These tiny bulbocodium-like Narcissus are the earliest of the fragrant, winter blooming species native to Morocco, the Atlas Mountains and Turkey. A favorite of mine, they are common amongst many plant collectors who grow miniature bulbs, or alpines in cold greenhouses, so they are a true cross over plant, which appeals to many. Rarely seen in the states, this is a narcissus one will probably only see at a Botanic garden or at the home of a collector. I know of only two sources in North America where one can buy bulbs, and actually, only one carry's more than one species. If you think Narcissus in the fall and winter is strange - remember the paperwhite ( Narcissus papyraceus), a neighbor of these species. And, in case you were wondering, yes, you can bring Paperwhites back into bloom year to year, in exactly the same what one cultivate the other winter blooming Narcissus species. Not practical for home growers, but if you happen to have a cold greenhouse or a room which stays cold, bright, and never freezes, you can do it too. But my point is, many of the more unusual Narcissus are autumn or winter growing - why be so normal?

Nerine x sarniensis 'Kola'#1
The last of the Nerine sarniensis are blooming this week, and an interesting thing has happened. I mentioned earlier that many if not all of my Nerine sarniensis have bloomed this year, and I am relating this phenom to a late division of bulbs which I executed in early September. This variety, named 'Kola' has unusually wavy petals, ( undulata-ish or Alba-ish?!)...anyway, an even more interesting fact is that each of these divisions is blooming with a slightly different tint of pink. Call me crazy ( or mixed up, since, sure, I could have mixed up the bulbs too, (but I don't think so), ( besides...the wavy petals are unique to this variety), something has gone wrong here, yet the similarities are interesting.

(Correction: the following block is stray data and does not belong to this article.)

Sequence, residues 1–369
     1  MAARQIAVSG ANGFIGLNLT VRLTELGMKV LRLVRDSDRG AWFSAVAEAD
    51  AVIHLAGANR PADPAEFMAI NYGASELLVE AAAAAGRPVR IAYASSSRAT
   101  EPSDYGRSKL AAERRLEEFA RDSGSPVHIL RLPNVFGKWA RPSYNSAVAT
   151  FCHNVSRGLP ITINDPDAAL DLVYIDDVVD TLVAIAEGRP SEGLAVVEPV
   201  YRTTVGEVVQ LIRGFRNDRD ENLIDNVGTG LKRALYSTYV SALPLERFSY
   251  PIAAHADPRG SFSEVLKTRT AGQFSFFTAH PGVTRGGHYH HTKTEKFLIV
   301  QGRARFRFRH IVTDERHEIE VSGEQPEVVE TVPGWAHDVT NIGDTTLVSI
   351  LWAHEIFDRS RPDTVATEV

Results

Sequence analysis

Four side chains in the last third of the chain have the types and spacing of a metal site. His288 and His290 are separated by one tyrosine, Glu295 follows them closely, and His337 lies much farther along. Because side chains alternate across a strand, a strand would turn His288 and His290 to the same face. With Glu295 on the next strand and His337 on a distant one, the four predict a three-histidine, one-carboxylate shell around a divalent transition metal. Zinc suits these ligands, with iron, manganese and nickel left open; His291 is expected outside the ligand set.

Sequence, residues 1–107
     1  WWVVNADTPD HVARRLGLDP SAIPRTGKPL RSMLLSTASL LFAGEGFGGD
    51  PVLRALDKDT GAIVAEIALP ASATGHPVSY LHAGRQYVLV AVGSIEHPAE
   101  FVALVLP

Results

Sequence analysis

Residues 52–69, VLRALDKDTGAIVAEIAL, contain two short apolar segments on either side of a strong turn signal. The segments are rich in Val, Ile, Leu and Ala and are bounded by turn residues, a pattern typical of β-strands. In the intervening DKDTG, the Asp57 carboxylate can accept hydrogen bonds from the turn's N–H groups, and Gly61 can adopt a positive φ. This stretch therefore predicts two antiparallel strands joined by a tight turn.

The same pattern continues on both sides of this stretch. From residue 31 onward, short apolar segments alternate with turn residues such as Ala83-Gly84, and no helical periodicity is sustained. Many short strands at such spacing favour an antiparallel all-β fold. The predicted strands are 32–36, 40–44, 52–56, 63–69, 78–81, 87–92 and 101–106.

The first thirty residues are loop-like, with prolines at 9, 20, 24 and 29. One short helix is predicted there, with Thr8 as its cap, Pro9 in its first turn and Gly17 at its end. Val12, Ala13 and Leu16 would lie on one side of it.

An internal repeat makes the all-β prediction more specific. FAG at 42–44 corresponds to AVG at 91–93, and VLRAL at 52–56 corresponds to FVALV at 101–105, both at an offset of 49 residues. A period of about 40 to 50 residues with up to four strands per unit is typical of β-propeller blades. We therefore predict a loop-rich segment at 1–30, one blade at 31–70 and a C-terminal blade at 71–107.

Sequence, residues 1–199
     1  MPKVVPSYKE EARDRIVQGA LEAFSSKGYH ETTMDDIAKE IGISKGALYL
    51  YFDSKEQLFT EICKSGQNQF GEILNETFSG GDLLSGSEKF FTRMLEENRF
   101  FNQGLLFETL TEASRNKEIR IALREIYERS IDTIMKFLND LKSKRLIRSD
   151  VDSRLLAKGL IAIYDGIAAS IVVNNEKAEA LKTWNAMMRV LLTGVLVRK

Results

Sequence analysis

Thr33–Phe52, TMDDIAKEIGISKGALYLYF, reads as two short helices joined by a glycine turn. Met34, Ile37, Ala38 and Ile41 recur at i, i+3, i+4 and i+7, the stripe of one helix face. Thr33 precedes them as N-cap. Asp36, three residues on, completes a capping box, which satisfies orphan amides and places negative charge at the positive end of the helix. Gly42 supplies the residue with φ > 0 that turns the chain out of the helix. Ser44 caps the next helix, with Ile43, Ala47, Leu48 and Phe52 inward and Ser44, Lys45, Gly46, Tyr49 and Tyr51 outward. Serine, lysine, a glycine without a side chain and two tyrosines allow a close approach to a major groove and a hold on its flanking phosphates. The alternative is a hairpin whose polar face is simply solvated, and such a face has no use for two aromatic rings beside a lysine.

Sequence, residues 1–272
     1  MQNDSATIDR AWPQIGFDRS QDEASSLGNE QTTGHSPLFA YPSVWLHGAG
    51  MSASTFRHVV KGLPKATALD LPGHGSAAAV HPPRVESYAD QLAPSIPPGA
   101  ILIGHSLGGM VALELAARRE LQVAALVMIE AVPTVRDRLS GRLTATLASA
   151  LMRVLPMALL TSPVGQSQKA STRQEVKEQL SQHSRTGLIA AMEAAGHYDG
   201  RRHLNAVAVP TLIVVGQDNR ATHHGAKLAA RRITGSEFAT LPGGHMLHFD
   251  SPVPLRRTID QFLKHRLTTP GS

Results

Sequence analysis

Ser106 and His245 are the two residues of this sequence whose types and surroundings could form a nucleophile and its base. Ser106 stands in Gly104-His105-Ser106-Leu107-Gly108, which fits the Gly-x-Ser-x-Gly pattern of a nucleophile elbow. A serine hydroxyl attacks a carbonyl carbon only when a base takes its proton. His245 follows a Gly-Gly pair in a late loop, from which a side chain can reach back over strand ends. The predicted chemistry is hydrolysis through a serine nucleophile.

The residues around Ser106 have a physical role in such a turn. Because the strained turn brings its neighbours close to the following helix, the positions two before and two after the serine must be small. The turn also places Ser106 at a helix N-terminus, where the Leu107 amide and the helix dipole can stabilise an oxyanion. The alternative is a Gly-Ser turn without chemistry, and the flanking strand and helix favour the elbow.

Maybe the soil is different in each pot, which it is, but then again, the bulbs have been formed for a year, or two in advance, so that could not be the case....a mystery unfolds ( or curls) but whatever the cause, these late bloomers in the Nerine world are pretty nice cheer, for a cold, wintery day in November when everyone else is raking leaves and complaining about how cold it is, I am sitting stripped to the waist, drinking a beer in the hot sun enjoying the rest of the day in the garden ( or I am high from the bubblewrap spray mount).

Nerine x sarniensis 'Kola' #2

3 comments :

  1. Enjoy your posts very much. Awhile back, there was a pause in entries, but just as I was about to enquire, they started again, Yeah.
    My family had a wholesale florist business when I was growing up and your first photo in this blog entry reminded me of those days. We used to get 3 foot long icicles off the ends of the greenhouses. Needless to say we had swordfights and spear chucking contests. Great fun. Thanks again for a link back to past memories.

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  2. Anonymous9:54 PM

    I think the gladiolus is Gladiolus priorii

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  3. It could be a Homoglad hybrid - an interspecies cross between Homoglossum and Gladiolus tristis. Of course, Homoglossum has now been outmoded as a name - they're grouped back with the Gladioli. Sort of a shame, though. Homoglad is pretty catchy. According to the PBS wiki it's Gladiolus huttonii × tristis now.